We should all be appalled—but not surprised—to learn that young black students are once again being targeted for unequal treatment at the hands of charter school officials—this time Mystic Valley Regional Charter School in Malden, Mass., is the culprit but they are hardly alone in the offensive against black girls’ hair. The recent flurry of attention to this case, in which the school has forced detention and barred activities for girls because they wear braids with hair extensions, instantly brings back bad memories of similar incidents.
Remember when seven-year-old Tiana Parker was sent home from a charter school in Tulsa, Oklahoma, for wearing dreadlocks? The school rules said they are a fad. (This fad dates as far back as 2500 B.C.) How about five-year-old Jalyn Broussard who was forced to change his fade haircut because his Belmont, Calif., Catholic school said it was a distraction? Twelve-year-old Vanessa VanDyke was given a week to cut her natural hair or be expelled from her private religious school because it too was a distraction. A Buras, La., Rastafari student missed 10 days of school before submitting to pressure that he cut his dreadlocks because they violated a rule on the length of boys’ hair. A Lorian, Ohio, charter school recently tried and failed to explicitly ban “Afro-puffs and small twisted braids.”
These practices and policies have no place in our educational institutions.
Misguided administrative attempts to overpolice black and brown bodies result in children of color experiencing school in radically different ways than their peers. The paltry excuse put forward by the school’s leadership that hair extensions highlights inequities is utterly ridiculous and is emblematic of irresponsible and uninformed educational leaders. So is the notion that wearing one’s hair the way it grows out of many people’s head is a distraction. At a basic level, one’s hair has very little, if anything at all, to do with a child’s educational development. We need look no further than political activist and retired university professor Angela Davis, actress Amandla Stenberg, Nobel Laureate Toni Morrison, Grammy winner Lauryn Hill, filmmaker Ava DuVernay, professor and news show host Melissa Harris-Perry, or Ashley Allison, a former White House director in the Office of Public Engagement.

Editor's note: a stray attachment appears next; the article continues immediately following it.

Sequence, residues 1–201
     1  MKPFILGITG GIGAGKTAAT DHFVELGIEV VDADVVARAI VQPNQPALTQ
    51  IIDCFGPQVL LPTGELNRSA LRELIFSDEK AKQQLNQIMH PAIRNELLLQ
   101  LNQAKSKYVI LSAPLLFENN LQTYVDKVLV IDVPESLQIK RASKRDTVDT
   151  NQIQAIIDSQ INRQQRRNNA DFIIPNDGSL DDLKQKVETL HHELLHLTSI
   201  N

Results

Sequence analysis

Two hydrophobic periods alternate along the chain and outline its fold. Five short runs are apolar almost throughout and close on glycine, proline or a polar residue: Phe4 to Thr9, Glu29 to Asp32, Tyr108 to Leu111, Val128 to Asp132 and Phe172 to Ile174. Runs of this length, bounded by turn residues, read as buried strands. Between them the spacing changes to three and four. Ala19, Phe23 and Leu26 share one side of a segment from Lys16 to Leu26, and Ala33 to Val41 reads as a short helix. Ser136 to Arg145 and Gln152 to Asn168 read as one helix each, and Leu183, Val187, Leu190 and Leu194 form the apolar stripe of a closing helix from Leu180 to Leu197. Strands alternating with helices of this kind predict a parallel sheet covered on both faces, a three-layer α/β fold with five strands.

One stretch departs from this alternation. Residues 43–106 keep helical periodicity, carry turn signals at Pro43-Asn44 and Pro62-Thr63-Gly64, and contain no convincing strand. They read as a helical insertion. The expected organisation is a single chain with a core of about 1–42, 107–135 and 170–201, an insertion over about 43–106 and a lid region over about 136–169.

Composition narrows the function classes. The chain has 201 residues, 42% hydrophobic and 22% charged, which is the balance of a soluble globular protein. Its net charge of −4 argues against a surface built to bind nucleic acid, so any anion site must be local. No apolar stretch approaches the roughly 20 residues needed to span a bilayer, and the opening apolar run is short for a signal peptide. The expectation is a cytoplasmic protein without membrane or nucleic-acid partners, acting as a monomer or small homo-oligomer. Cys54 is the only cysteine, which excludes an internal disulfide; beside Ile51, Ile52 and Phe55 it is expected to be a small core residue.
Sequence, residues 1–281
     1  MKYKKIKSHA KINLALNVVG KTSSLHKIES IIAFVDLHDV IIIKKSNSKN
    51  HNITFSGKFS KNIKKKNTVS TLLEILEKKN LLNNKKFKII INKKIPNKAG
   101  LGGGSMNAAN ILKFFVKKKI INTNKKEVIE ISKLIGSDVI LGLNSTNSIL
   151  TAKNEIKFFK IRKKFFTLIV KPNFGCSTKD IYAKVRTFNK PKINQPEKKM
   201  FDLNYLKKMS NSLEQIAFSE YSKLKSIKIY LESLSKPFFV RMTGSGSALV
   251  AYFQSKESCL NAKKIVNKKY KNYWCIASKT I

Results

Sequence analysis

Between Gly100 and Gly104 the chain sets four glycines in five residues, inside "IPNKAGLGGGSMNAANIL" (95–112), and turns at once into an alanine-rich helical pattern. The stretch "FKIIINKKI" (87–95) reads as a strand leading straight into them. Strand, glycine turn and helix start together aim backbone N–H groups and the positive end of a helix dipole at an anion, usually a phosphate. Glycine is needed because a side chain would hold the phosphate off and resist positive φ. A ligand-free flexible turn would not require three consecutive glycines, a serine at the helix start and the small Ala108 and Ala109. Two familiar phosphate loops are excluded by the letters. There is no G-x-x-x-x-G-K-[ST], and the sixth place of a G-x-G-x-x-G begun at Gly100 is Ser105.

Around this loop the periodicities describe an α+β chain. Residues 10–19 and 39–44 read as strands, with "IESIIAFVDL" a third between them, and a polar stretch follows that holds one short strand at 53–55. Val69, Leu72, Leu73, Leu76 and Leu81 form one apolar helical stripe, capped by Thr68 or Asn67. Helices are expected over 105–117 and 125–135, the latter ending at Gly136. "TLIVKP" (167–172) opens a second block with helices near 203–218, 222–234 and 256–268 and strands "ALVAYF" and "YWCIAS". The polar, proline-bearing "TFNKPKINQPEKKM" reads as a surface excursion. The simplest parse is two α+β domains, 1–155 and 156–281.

Education should never attempt to stamp out culture but expand student’s exposure to various people and experiences. Thank goodness, for the school and their other students, that these Malden girls spoke up in the midst of being treated unfairly because of their hair.
The socio-emotional and school penalties these young women have faced is far too severe. Research by a Schott Foundation grantee at the Center for Civil Rights Remedies found that black students in Massachusetts are missing inordinate days of instruction due to suspensions over minor issues. This is also true across the country. These kinds of disciplinary measures put students on the fast track to failure: poor achievement, lower graduation rates and inevitably in the claws of the school-to-prison pipeline. The girls don’t deserve punishment. A report by the National Black Women’s Justice Institute, another Schott grantee, highlights that girls of color are being systematically pushed out, and that naturally occurring features are being characterized as unruly and unkempt. It’s time for the assault on black girls to stop.
Hair doesn’t represent an existential threat to order in the school house. Many black mothers, including my wife, will tell you that braids are a style of convenience. They keep their children’s hair neat and styled for weeks at a time so they and their children can spend their time on more important things than daily styling. It’s also a quintessential part of black culture, and shouldn’t be stripped away to make others comfortable. We should keep our hands out of kids’ hair and continue to broaden their minds.
Dr. John H. Jackson is the President and CEO of The Schott Foundation for Public Education in Cambridge, Massachusetts.